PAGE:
What is an Arthrogram?
Feb 22, 2016
An arthrogram uses imaging equipment to evaluate a joint like the shoulder, elbow, wrist, hip, knee or ankle. It is a two-part procedure consisting of a contrast injection into the joint, followed by an MRI or CT scan of the joint.
An arthrogram is ordered to:
- Find tears, degeneration or disease in the cartilage, ligament or tendon
- Detect growths or synovial cysts in the joint
- Diagnose unexplained joint pain
- Determine the need for treatment, including arthroscopy, surgery or joint replacement
First part - injection
The first part of an arthrogram uses fluoroscopy – a specialized type of x-ray equipment that images the area in real time, and displays it on a video monitor. A small needle will be placed in the joint and contrast material (i.e. x-ray dye) will be injected into the joint space. Several x-ray images will be taken using the fluoroscopy machine. Pain medications like anesthetic and/or steroids may also be injected, depending on what was ordered by the healthcare provider. The injection portion typically takes about 30 minutes.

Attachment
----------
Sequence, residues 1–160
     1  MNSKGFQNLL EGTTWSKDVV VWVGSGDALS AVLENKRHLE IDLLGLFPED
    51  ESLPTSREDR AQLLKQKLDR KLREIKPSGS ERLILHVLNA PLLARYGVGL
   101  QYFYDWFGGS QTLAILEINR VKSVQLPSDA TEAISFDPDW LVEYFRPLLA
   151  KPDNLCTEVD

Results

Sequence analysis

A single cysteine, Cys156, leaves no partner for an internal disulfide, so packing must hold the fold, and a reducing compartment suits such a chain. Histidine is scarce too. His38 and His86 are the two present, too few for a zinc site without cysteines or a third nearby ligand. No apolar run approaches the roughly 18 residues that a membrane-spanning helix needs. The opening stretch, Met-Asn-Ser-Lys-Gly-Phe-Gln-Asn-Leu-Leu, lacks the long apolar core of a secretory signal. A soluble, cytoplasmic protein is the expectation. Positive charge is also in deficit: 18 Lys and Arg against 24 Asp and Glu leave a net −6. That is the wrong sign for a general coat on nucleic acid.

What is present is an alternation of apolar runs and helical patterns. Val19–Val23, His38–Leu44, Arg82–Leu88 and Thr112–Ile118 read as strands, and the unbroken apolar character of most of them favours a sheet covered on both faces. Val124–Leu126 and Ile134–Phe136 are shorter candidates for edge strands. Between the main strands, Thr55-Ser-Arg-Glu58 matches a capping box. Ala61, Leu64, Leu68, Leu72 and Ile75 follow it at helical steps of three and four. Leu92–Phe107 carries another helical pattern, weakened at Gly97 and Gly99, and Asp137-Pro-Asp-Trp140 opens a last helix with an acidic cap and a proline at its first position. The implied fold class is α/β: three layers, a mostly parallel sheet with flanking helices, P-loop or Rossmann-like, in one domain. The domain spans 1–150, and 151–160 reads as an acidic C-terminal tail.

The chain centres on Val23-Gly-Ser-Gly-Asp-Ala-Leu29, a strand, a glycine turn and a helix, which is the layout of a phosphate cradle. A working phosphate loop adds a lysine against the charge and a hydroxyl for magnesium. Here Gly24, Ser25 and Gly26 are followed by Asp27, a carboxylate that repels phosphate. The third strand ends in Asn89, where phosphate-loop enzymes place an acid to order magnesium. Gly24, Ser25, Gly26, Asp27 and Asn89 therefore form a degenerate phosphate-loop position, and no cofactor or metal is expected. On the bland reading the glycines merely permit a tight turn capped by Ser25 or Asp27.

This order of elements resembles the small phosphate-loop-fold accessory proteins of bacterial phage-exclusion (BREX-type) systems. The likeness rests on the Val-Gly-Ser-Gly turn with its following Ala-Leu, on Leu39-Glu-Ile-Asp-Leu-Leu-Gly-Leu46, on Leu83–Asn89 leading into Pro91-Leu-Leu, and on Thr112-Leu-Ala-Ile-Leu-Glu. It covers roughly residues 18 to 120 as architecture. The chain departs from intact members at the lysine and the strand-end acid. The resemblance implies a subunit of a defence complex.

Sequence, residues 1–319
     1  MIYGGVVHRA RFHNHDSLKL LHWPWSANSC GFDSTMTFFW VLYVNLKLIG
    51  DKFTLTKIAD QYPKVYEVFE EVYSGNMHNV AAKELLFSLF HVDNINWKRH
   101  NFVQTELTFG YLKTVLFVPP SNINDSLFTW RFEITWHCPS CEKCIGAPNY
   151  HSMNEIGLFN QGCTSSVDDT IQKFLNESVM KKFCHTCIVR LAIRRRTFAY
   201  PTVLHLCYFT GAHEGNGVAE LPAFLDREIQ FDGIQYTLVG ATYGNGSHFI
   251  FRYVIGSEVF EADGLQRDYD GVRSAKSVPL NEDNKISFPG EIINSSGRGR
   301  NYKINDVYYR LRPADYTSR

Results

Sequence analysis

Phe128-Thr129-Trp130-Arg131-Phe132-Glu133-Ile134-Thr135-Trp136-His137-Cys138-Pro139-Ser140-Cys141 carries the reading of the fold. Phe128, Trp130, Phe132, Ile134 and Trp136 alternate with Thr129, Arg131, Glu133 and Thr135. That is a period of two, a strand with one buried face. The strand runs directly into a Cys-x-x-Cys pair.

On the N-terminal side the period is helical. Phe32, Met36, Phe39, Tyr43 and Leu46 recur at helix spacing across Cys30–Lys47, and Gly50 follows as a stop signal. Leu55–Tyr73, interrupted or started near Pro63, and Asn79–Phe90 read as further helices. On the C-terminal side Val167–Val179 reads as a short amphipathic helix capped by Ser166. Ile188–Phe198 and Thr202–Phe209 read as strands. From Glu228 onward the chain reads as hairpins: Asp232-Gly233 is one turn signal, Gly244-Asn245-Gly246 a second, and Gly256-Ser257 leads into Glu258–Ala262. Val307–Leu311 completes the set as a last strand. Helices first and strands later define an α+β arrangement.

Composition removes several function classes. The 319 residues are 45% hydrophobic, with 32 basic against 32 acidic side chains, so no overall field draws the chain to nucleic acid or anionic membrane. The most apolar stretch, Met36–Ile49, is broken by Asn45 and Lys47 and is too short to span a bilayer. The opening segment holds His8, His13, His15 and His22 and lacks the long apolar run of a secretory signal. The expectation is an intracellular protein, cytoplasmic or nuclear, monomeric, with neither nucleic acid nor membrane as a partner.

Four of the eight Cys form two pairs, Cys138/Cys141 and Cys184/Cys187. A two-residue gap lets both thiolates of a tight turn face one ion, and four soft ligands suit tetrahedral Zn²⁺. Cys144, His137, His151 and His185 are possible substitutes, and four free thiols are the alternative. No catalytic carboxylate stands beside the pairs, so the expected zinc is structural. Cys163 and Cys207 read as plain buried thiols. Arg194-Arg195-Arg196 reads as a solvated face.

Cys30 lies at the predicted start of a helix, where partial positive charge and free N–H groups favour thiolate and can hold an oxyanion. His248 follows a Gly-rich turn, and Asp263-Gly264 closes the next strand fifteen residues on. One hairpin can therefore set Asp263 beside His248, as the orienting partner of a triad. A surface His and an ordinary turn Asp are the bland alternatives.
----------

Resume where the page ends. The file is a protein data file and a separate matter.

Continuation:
Second part - MRI
In most cases, an MRI (or occasionally a CT scan) of the joint will be performed after the injection portion. CT can be used to better evaluate the intra-articular structures in patients who cannot have an MRI for safety reasons. MRI uses a strong magnetic field and radio waves to make detailed pictures; please review our MRI metal safety checklist. The MRI will take another 30-45 minutes.
Can’t I just have an MRI? Why do I need to have an injection first?
- An MRI arthrogram can be used to further evaluate an abnormality identified on a routine MRI.
- MRI arthrogram can better define some issues following surgery than a routine MRI.
- Distention of the joint from the injected contrast material can better highlight some small structures that are close together on a routine MRI.
- Determining if an injury extends outside the joint can be easier with MRI arthrogram in some cases.
Image from a shoulder MRI arthrogram.
Image from a shoulder MRI.